Processing Traumatic Events at Different Ages and Levels of Development

February 16, 2018 - 2:00pm

In the aftermath of the school shooting in Parkland, Florida adults, young children, and adolescents are struggling with their reactions to this traumatic event. It is considered essential to "talk to children about what they are seeing and hearing, even when they did not directly witness the event." ​Honesty is important in these conversations but what a child needs to know and how to approach this subject changes according to their developmental stage. In other words, depending "on what they can understand and process without heightening their distress."​1 

Processing Trauma 

Traumatic events can have varying effects on an student’s mental health especially in regards to post-traumatic symptoms and the potential disruption of a student's learning and school behavior. When starting the conversation, it is important to first determine what the child knows. The National Child Traumatic Stress Network recommends gently correcting inaccurate information, encouraging children to ask questions, and answering them directly.

Preschool students may increase behaviors like bedwetting, thumb sucking, clinging to parents, and temper tantrums. Some students may become very withdrawn, have trouble falling or staying asleep, and may experience nightmares about the event. Preschoolers tend to do best when adults respond calmly, honestly, in simple language, and with limited detail.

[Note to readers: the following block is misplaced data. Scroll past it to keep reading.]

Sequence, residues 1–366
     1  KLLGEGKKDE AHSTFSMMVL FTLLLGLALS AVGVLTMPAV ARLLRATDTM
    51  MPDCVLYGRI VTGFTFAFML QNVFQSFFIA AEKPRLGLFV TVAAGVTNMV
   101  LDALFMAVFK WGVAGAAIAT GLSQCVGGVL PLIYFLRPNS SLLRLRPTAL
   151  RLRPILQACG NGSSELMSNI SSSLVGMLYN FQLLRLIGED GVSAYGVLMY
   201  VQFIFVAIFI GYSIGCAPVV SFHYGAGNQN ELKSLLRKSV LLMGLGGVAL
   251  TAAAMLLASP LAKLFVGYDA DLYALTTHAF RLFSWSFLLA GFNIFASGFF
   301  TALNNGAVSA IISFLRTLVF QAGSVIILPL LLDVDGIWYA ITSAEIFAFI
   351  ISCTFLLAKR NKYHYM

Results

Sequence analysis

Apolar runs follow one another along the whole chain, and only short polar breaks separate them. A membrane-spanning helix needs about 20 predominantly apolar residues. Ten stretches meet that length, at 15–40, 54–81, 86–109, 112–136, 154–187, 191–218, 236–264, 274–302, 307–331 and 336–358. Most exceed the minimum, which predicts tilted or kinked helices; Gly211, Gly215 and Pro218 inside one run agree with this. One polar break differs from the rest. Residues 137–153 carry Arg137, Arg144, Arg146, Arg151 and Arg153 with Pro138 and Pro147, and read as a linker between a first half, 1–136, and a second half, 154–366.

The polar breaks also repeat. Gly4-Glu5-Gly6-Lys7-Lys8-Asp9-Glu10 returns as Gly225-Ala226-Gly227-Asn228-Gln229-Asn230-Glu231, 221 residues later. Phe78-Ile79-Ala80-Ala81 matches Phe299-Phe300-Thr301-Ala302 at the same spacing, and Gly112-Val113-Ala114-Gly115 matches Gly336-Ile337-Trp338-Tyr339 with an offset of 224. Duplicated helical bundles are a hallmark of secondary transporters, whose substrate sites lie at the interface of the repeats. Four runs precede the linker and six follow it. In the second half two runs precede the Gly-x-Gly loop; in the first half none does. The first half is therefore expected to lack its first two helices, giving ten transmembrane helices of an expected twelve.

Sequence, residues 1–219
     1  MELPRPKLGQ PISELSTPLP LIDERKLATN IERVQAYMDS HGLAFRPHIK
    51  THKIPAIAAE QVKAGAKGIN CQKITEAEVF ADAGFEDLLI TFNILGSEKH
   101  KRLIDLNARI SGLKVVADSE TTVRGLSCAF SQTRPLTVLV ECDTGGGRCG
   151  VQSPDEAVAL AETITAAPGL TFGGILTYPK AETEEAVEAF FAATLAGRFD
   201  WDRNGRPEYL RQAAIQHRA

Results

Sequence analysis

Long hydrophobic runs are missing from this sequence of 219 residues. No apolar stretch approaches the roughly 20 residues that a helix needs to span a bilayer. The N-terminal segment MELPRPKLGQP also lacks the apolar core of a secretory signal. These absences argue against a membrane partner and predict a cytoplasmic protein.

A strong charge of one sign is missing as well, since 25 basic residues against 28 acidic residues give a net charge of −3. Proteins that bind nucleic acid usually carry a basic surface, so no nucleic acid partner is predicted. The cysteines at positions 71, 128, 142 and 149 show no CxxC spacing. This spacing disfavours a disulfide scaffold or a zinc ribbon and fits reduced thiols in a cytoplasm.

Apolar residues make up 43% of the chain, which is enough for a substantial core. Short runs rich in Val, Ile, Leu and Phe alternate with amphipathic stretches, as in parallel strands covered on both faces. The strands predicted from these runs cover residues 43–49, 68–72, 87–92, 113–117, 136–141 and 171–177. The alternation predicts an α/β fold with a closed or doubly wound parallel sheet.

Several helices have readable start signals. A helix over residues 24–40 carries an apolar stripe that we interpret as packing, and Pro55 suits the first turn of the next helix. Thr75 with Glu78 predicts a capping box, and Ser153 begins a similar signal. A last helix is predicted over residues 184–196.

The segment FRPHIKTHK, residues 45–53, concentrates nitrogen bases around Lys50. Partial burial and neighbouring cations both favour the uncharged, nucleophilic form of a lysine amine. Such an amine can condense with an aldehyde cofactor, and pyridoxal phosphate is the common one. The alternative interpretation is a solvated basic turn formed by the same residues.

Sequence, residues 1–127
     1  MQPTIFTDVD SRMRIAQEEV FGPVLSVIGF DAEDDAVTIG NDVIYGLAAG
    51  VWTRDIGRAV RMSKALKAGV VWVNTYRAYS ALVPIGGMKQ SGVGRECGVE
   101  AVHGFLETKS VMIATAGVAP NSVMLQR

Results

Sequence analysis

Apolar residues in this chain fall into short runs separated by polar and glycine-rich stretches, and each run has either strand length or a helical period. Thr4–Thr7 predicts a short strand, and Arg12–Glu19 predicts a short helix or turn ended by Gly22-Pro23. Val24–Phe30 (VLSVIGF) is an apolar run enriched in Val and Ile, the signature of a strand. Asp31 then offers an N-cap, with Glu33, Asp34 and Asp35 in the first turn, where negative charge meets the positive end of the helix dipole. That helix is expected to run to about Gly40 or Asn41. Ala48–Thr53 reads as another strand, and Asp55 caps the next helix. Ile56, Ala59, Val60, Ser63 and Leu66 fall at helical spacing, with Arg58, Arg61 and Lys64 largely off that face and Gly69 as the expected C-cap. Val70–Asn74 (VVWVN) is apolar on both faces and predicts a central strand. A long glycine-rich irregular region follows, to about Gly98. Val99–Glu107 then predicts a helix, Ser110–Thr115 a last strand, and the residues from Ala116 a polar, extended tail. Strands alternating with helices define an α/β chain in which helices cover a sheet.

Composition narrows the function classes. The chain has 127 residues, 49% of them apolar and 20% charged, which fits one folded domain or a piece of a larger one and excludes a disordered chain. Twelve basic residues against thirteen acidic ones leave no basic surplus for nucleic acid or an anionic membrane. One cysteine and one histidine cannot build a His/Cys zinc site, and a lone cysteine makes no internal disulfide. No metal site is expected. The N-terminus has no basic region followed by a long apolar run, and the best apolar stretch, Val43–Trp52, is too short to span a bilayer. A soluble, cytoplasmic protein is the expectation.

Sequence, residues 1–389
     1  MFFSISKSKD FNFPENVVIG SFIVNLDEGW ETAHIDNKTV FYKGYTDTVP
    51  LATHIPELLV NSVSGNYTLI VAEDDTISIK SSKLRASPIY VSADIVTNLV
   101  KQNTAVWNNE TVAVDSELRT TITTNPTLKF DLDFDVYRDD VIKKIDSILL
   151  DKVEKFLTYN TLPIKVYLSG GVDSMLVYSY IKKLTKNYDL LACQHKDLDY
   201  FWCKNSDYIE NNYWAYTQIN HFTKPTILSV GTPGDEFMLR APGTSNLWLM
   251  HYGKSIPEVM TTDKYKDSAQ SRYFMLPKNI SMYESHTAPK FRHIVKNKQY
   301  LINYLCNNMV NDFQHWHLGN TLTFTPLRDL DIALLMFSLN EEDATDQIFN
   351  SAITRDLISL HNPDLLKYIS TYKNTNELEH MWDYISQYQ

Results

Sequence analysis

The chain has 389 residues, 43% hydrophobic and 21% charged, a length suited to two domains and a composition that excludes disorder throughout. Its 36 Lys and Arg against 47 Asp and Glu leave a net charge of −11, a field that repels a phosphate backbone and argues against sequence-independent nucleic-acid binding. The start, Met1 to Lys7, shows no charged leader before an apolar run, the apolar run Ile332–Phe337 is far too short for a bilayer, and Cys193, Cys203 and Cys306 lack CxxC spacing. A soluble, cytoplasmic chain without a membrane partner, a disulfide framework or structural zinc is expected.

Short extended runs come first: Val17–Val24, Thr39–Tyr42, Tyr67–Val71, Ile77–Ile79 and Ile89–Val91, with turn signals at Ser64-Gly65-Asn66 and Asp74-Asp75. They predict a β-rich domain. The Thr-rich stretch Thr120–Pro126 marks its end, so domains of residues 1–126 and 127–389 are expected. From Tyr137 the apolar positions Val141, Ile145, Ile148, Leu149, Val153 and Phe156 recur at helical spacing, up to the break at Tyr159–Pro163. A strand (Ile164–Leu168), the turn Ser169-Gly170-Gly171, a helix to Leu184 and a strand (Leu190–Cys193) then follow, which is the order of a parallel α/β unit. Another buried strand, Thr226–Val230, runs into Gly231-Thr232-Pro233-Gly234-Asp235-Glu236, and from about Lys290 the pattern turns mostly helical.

Elementary school students may complain of stomachaches, headaches, or may exhibit a change in behavior such as increased irritability or anger. These students may also show a change in school performance, ask persitent questions, or talk excessively about the traumatic event. Elementary students tend to have a better understanding of the event than preschoolers and may want to talk about the event at length with a trusted adult.

Middle and high school students often feel self-conscious about their emotional responses to the event. They may also feel guilty about the event and express desires for revenge and retribution. The event may even radically shift how students think about the world and shift their relationships with family members, teachers, and classmates. There may be an increase in self-destructive and reckless behaviors along with a change in school performance, attendance and behavior. Adolescents benefit most when adults take time to listen, without judgment, to their thoughts and feelings about the school shooting.

Trauma and Learning

"A traumatic event can seriously interrupt the school routine and the processes of teaching and learning. There are usually high levels of emotional upset, potential for disruptive behavior, or loss of student attendance unless efforts are made to reach out to students and staff with additional information and services. Students traumatized by exposure to violence have been shown to have lower grade point averages, more negative remarks in their cumulative records, and more reported absences from school than other students. They may have increased difficulties concentrating and learning at school and may engage in unusually reckless or aggressive behavior."​2 

In addition to facilitating a discussion about the traumatic event, it can also be helpful to keep children busy, protect them from too much information, emphasize hope and positivity, and ensure parents also receive the support and care they need.

For more resources for schools, parents and caregivers, and youth and families visit:

For more detailed suggestions for facilitating discussions with children affected by a school shooting visit:

For more information on finding the right words to say download the app Help Kids Cope.